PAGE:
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A lot has been said about the demographical basis of the Finnish overseas migration as well as the adaptation and assimilation process of immigrants in the United States and Canada. This is no wonder, since by 1930 alone close to 400 000 Finns emigrated, and only one-fifth of them came back permanently. The Finnish immigrants and their descendants are an important group to study even today because of their lively activities in the second, third and subsequent generations and because of their contacts with other ethnic groups.
Much less has been said about the influence of the migration phenomenon in Finnish society. The fact that Finland has lost hundreds of thousands of people to overseas countries, Russia/the Soviet Union, Sweden, etc. has certainly left its mark on the Finns and Finnish society - on people ho have never emigrated abroad themselves. It is a part of the history of the Finnish mentality. There is a new research project by Dr. Juha Siltala (University of Helsinki) on the history of the Finnish Angst, that is characteristics like withdrawal, anxiety, uncertainty, etc. To what extent this particular approach is fruitful for the study of the influence of migration on the Finnish identity is another question. But this kind of approach shows us clearly what is in the air now, and that we can find new aspects to the migration phenomenon.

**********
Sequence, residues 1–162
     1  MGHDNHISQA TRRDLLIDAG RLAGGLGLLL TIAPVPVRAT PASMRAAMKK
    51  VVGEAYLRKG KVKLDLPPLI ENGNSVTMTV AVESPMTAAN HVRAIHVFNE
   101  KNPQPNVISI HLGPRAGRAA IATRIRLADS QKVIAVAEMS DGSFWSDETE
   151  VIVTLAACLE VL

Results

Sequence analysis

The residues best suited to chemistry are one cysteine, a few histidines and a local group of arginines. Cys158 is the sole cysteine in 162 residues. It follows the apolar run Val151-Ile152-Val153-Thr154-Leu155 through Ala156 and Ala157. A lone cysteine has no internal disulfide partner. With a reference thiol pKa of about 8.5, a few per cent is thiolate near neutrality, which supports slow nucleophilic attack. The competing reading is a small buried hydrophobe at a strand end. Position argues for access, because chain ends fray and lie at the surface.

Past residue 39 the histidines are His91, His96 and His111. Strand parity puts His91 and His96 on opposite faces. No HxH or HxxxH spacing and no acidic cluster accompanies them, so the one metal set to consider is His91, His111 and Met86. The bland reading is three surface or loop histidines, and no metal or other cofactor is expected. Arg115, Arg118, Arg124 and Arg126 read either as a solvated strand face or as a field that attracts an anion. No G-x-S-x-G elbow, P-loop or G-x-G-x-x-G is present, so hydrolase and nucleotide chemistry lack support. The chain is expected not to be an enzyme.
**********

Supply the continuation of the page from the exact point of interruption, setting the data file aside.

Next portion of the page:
This problem is a very large one and requires a lot of scholarly work in various disciplines. I am certainly not able to present here any comprehensive interpretations at this stage. In my paper I will concentrate on only one aspect: what has been the reaction to the migration phenomenon among the Finnish authorities, social groups, individuals, and the press over the course of the 20th century, and what kind of measures have been taken to prevent or encourage emigration? I will include the contacts between Finland and the FinnishAmericans, since I find this an important factor shaping the Finnish cultural and social identity also in Finland.
Another aspect familiar to me would be the impact of returning migrants on the development of their home area as a part of the identity problem. The interaction between the returnees and those who never emigrated is quite revealing, and I have treated that problem in my doctoral dissertation. However, I am not going to concentrate on this. In general, I will be on quite a concrete level, hopefully raising ideas to be analyzed in future studies. The comprehensive "mentality" approach requires a lot of empirical work, and my point of view here represents only one aspect of this problem of the Finnish identity.
The Finnish authorities first noted the existence of emigration back in 1873; but throughout the period of heavy emigration, they never succeeded in coming to grips with it. The Migration Committee - I will talk about it below - was not appointed until 1918, and it did not submit its report until 1924, by which time the overseas migration was largely over - to revive again only in the 1950s and 1960s.
In the early phases of the migration and later, too, it was mainly the religious circles who were most concerned with overseas emigration. The first ministers were sent to the United States, especially to Michigan, as early as in the 1870's. Suomen Merimieslähetysseura (Finnish Seamen's Mission) was founded in 1875 concentrating on assisting Finnish seamen who had got into difficulties in foreign countries. In 1891 Bishop Johansson suggested an official committee to consider the social, economic and moral consequences of emigration. Nothing happened.